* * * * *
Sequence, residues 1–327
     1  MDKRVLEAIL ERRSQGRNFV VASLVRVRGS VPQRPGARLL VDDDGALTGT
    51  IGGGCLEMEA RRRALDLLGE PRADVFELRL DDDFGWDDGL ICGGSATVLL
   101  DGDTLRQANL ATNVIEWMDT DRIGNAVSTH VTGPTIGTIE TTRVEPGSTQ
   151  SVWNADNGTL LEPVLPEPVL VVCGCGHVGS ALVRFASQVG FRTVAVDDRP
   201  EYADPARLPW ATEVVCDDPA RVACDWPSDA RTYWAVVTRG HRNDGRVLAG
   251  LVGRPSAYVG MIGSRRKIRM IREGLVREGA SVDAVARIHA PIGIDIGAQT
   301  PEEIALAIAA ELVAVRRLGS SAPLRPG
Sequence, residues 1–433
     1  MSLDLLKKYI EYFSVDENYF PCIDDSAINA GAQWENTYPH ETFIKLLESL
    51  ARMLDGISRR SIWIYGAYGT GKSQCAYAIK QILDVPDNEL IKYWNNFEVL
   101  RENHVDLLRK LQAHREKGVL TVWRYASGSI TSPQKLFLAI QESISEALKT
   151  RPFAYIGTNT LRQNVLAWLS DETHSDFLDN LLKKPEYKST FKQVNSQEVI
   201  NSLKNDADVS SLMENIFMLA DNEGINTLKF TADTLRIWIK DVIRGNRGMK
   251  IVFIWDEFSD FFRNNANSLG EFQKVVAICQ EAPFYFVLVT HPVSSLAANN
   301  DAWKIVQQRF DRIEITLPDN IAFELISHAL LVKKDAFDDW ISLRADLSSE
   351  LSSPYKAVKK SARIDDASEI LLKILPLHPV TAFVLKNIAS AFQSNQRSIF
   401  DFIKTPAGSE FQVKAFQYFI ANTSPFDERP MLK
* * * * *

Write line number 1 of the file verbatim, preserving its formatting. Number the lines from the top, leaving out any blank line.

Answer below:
Sequence, residues 1–327